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••• The International Writers Magazine: Review

Parliament of Rooks by Karen Perkins
(Lionheart Publishing House, 2017)
Ghosts of Haworth
• Marwan Asmar
Haworth is haunted, the place is beset by spirits, hallowing over every house so watch out! Testified to this is the Parliament of Rooks by Karen Perkins which had me enthralled with nostalgia.

Parliament of Rooks

I was taken back to the wonderful, boring days of “A” level history lectures I used to take and the awesome Yorkshire lingo that would tingle your ears everywhere you went. It brought back wonderful memories about the Bronte sisters, Wuthering Heights and the Yorkshire dales: The green, roving mounts, the cold and the outcast, a place of living and connection.

Parliament of Rooks is literally an astonishing book to read because of the framework it adopts, muting the present with the past with the paranormal. The move by Verity from Leeds to see up shop in Haworth and start a new life is more than she bargained. For me I suddenly remembered all the streets, places and the neigbourhoods I used to frequent and dwell in, not to mention the shops and pavements. It was a visit on paper, yet a reflective reverie. The rich narrative combined deep human relations and friendships with a living society of the past and the way they interacted.

In a clever, imaginative and didactic way, the author forges together a narration that stitches current living characters and historical personalities enthused through dreams, memories and wishful-thinking, filtering through “ghosts” and “spirits” of people that once lived. These are a bit far-farfetched but fiction provides the ability to give realism a strange twist that is believed and it certainly keeps the adrenalin going.   

There is power in the narrative. Whilst the ghosts throughout the text may have been trying to point the characters to “well-meaning” directions which may add to the sense of bizarre and creepiness, the track of the narrative is lucid and simple. It provides an uncanny ability to enmesh the dialogue of the past and present cultures and styles of livings (owing to different factors) with a sense of trajectory realism and a continuum of a timeline of a very important period of history that has dipped itself into the sinews of the present.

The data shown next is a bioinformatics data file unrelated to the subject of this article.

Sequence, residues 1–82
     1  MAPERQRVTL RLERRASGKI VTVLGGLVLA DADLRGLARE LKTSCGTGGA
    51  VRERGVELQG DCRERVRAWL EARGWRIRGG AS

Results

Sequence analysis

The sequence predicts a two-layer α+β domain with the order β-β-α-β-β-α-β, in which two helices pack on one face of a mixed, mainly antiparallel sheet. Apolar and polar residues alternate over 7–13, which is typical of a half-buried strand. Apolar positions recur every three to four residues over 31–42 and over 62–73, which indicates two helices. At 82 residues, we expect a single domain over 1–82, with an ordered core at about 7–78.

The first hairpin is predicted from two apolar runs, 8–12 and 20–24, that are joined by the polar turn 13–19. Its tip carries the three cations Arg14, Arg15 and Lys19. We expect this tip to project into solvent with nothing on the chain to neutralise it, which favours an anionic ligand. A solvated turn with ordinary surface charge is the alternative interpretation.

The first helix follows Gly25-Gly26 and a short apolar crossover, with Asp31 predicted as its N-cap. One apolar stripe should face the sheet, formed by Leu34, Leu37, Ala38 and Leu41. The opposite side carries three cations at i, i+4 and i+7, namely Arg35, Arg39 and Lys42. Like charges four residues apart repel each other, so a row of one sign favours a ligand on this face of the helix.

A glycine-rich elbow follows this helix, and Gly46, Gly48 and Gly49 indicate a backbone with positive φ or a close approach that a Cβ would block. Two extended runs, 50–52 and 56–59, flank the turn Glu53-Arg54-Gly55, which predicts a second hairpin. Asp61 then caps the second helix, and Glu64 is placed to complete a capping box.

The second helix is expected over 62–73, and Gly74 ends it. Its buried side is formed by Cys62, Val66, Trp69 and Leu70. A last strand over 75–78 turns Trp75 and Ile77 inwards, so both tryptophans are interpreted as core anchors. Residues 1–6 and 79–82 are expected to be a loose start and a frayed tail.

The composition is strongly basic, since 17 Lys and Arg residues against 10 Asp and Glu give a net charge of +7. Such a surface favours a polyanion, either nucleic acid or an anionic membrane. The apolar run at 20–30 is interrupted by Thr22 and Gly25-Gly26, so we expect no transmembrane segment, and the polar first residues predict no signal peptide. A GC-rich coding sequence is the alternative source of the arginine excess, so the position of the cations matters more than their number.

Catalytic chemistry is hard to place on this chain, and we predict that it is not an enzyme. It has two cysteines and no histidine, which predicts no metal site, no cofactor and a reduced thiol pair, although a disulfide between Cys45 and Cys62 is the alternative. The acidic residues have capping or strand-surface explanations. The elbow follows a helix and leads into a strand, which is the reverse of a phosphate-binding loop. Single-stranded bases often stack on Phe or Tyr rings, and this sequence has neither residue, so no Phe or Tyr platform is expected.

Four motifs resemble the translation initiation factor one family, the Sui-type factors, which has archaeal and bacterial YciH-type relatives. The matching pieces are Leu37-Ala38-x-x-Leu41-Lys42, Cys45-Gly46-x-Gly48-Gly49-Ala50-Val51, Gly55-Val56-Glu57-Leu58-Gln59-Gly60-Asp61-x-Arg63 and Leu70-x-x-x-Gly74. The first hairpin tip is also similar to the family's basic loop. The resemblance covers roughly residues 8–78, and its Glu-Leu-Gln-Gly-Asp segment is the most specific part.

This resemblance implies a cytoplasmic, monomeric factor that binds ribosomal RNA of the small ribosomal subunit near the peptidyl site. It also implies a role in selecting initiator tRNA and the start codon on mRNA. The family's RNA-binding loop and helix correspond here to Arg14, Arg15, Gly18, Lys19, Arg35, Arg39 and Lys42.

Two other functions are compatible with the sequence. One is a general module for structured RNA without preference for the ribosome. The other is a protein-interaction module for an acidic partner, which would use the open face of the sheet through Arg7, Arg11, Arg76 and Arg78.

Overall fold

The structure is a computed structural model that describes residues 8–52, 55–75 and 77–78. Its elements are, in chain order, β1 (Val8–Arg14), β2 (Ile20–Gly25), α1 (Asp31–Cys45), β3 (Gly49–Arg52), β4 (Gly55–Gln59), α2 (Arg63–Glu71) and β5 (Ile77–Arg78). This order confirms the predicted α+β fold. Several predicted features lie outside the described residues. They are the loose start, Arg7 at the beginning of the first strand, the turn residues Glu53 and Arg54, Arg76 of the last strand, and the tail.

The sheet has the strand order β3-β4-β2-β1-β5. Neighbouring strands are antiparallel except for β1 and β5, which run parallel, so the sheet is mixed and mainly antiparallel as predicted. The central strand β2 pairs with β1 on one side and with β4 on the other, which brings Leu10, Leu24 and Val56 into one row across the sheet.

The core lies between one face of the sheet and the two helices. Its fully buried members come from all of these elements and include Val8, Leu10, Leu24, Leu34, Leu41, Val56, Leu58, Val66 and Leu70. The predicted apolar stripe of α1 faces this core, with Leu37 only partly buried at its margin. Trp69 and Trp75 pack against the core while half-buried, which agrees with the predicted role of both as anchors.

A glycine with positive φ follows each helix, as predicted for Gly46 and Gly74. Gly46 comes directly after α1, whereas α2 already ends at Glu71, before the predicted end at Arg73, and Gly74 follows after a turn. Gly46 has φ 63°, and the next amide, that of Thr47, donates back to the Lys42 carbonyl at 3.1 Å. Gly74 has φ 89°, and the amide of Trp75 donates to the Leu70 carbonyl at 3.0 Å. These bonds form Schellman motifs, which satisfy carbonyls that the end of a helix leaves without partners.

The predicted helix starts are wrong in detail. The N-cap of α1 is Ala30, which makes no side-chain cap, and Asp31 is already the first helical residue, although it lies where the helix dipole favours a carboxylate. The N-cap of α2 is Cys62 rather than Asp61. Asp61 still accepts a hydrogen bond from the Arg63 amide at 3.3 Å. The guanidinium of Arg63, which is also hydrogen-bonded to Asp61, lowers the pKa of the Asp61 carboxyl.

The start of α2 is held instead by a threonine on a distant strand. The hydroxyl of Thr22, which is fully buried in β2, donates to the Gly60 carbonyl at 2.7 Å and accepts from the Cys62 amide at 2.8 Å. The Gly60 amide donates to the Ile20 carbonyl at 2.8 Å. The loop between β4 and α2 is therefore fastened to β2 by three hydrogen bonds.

This is indeed the force of literature and ideas with the narrative skillfully dispatching and manipulating different lives without losing a sense of proportion of both. In the text, we are constantly introduced to Emily Bronte and her family, of her sisters, brother and her pastor father. She comes out as a strong and willful character who will not stop in helping people, languishing in their misery, poor health, near-starvation. Negations don’t stop her, here also is where the author introduces the fact she has written the Weathering Heights despite her other chores and the fact it was first to be under a pseudonym, something which I didn’t know of.

Emily comes out through Martha and Harry and the constant bickering and jealousy over long-forgotten relationships that never seem to end. Martha is constantly resentful of the “talks” that constantly take place between Emily and Harry but which she can’t become part of due to her own intense jealousy that finally lead to catastrophic consequences. Here the reader, can discern there is a direct link in the historical characters and those of the present which the story focuses on: Verity, after a divorce, moves to Haworth to start a guesthouse for visitors to this historical place. She is helped by her friends Lara, her young daughter and their friend Jayne which become hard rock. They in turn develop relationships including with Vikram, the house builder, and the painter William were romance develops.

It is these characters that move the story forward were the reader is constantly reminded of the anguish, almost unflinching battle, taking place between the characters of the past, employed in the mill, on measly wages while living day-by-day to make ends meet, footnoted by terrible conditions, bad drinking water and constant deaths, especially among children. Cutting the ghosts out, this is where the writer excels in, providing a readable rich history of how things were in Britain in the 1850s. Here, we get a graphic description of child labor, of girls and boys sent to the mill at the age of seven, eight and nine, to supplement the wages of their parents and frequently become involved in tragic accidents caused by spinning machines they are too young to understand and handle, of the long working hours and the drudgery of life, terrible days that speak of the hawks of industrialization.    

Of course, there are lighthearted episodes in this work of fiction, identifying with metaphors and expressions that make you see the character in front of you with mirth coming out through the dialogue that makes the reader smile. Not every writer has the ability to convey true dialogue, Perkins is not one of them. It is not only true British dialogue but dialogue of the Yorkshire variety.
© Marwan Asmar October 2017

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